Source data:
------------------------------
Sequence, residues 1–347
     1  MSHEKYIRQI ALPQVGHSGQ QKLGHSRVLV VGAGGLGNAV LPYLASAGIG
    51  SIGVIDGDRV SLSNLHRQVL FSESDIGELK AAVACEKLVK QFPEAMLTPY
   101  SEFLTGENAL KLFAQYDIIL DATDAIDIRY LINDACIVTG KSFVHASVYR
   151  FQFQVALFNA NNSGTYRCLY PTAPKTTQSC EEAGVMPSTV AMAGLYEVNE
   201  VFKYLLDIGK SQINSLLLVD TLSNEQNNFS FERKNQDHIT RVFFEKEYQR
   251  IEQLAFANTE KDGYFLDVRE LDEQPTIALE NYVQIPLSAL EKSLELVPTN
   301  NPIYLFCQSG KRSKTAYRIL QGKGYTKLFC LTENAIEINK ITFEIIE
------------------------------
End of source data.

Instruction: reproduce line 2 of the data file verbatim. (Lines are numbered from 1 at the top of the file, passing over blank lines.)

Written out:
     1  MSHEKYIRQI ALPQVGHSGQ QKLGHSRVLV VGAGGLGNAV LPYLASAGIG